A view of the four-foot-long caiman that D.C. police found Wednesday night. (D.C. police)

UPDATE, July 31:

Authorities said further examination showed the animal was an alligator, not a caiman.

“When we reached out to the staff of the wildlife refuge ... and sent more close up pictures at various angles, they told us it was a juvenile American alligator,” David M. Smith, chief of communications for the Humane Rescue Alliance, said in an email. “Juvenile caimans and alligators are very similar in appearance.”

ORIGINAL STORY:

A four-foot-long caiman, a reptile similar to an alligator, was found in a large storage bin this week in the basement of a home in Southeast Washington.

Twelve dogs and dogfighting paraphernalia also were taken from the residence.

D.C. police posted a tweet about the caiman Thursday, calling it an alligator, but officials at the D.C. Humane Rescue Alliance corrected police: It’s actually a caiman.

The Humane Rescue Alliance received a tip about the animal at a home in the 3500 block of Brothers Place SE, near Martin Luther King Jr. Avenue in the Congress Heights neighborhood. With a search warrant, the rescue group, with help from D.C. police, went to the home Wednesday and found the caiman.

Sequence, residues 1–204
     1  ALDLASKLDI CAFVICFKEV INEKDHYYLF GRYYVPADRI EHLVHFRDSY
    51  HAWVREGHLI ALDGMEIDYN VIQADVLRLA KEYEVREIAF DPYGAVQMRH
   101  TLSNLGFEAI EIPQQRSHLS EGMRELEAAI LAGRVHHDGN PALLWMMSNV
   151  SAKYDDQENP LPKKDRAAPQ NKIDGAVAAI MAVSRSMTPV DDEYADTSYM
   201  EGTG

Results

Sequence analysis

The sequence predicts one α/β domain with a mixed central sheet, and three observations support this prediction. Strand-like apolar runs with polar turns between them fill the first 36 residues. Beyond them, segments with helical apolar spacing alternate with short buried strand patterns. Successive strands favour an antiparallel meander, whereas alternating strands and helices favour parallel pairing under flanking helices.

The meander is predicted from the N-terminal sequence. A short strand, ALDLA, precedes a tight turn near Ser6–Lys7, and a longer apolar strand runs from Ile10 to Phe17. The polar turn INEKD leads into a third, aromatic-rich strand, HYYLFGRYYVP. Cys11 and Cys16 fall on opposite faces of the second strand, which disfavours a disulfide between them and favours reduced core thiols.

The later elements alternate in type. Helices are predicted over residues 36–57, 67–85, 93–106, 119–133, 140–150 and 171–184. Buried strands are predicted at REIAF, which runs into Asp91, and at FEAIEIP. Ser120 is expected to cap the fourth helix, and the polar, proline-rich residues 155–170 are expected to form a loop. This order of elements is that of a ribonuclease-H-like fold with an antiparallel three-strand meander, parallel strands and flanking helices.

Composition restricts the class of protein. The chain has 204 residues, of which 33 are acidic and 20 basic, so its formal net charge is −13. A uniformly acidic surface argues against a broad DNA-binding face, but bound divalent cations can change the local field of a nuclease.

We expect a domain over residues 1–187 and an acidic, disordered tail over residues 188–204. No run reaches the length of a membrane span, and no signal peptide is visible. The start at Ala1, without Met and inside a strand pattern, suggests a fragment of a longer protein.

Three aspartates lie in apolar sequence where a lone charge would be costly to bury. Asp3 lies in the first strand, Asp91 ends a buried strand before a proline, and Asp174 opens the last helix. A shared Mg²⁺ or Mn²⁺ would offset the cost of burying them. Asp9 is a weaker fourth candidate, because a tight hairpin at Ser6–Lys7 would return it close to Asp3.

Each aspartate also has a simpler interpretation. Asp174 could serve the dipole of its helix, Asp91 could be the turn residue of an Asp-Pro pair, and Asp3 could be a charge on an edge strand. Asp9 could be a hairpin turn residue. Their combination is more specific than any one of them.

David M. Smith, chief of communications for the Humane Rescue Alliance, said the animal was taken by authorities. Police said it would be relocated to a “safe habitat.”

Smith said it is illegal to possess the animal in the District and surrounding states, calling them dangerous. Police doubled down on that sentiment in a Twitter post: “Remember that alligators should not be considered house pets!”

It wasn’t clear Thursday why the residents of the home had the caiman, officials said.

Smith said the Humane Rescue Alliance had the property under surveillance after a dog jumped a fence and hung itself from a leash a month ago. Twelve dogs — six adults and six puppies — and dogfighting paraphernalia were also seized, Smith said.

Eleven of the dogs seized were American pitbull terriers, according to Chris Schindler, vice president of field services for the Humane Rescue Alliance, and one was a Rottweiler mix.

No one has been arrested, but the incident is under investigation.

Caimans are typically found in rivers and streams in Mexico, as well as Central and South America, and eat birds, fish and insects. Their bodies are more narrow than those of crocodiles and alligators, but experts warn that caimans can be more aggressive. Dwarf caimans are sometimes sold as pets.

Smith called it a “very rare” discovery in the District. Although it’s not the first time animal rescue officials have come across a caiman, Smith said he couldn’t recall specifics of other incidents.

Still, there was plenty of reaction on social media.

A Twitter user who goes by @bonsaidream replied to D.C. police, saying, “I’m sorry... did you say D.C.? Washington, D.C.?”

Indeed, the nation’s capital. This isn’t the Sunshine State.